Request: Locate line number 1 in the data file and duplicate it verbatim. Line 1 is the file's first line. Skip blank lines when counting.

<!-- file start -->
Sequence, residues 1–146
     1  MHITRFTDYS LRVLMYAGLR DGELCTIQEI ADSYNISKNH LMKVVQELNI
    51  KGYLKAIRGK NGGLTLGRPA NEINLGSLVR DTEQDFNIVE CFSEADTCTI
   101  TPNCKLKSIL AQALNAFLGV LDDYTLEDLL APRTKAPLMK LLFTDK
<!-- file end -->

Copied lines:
Sequence, residues 1–146